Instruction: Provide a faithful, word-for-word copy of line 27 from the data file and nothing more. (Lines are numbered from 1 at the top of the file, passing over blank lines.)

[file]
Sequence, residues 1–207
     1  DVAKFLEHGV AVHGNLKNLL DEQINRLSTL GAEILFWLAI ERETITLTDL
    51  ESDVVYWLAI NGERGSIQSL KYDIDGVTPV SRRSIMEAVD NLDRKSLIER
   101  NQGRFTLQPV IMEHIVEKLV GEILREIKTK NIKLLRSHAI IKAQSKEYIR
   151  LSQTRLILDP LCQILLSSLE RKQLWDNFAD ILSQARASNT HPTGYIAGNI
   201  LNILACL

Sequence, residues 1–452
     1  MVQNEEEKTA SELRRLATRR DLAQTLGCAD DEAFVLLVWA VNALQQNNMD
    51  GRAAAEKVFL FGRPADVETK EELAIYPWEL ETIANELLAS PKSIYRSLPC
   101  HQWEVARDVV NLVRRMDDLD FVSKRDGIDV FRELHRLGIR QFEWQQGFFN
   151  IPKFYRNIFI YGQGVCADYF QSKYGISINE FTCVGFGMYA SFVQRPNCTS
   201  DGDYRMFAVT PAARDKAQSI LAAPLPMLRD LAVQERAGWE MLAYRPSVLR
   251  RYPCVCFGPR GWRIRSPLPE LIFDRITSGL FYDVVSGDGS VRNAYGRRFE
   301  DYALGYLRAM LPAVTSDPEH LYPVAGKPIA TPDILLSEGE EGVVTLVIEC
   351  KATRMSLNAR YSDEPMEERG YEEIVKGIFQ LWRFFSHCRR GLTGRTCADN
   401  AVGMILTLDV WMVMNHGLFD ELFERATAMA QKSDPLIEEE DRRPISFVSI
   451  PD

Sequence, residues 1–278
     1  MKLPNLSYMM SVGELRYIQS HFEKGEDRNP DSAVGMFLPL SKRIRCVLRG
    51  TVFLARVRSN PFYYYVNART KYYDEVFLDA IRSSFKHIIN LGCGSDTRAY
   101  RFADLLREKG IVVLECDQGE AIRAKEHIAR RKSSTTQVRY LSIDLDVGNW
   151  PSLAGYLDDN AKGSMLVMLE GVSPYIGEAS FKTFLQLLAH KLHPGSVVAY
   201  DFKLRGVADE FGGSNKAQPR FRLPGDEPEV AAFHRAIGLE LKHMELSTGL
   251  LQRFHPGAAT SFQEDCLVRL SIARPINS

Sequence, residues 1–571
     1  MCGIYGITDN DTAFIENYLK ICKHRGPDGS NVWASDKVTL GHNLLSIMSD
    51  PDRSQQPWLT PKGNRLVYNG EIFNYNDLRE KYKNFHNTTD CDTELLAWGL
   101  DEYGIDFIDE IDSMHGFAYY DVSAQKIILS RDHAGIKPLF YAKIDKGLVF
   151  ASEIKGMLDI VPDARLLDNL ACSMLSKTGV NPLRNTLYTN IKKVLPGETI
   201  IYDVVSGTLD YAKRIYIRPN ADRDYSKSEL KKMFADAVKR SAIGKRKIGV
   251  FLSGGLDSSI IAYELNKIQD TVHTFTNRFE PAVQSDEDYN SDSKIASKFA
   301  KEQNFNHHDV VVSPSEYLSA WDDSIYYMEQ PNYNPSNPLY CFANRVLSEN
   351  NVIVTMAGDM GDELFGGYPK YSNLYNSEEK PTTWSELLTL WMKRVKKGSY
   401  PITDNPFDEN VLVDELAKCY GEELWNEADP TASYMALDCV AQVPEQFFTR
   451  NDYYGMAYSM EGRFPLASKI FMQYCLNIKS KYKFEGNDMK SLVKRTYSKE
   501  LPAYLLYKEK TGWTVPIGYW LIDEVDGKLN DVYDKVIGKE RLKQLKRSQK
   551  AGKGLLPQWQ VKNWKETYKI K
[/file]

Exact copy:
    51  PDRSQQPWLT PKGNRLVYNG EIFNYNDLRE KYKNFHNTTD CDTELLAWGL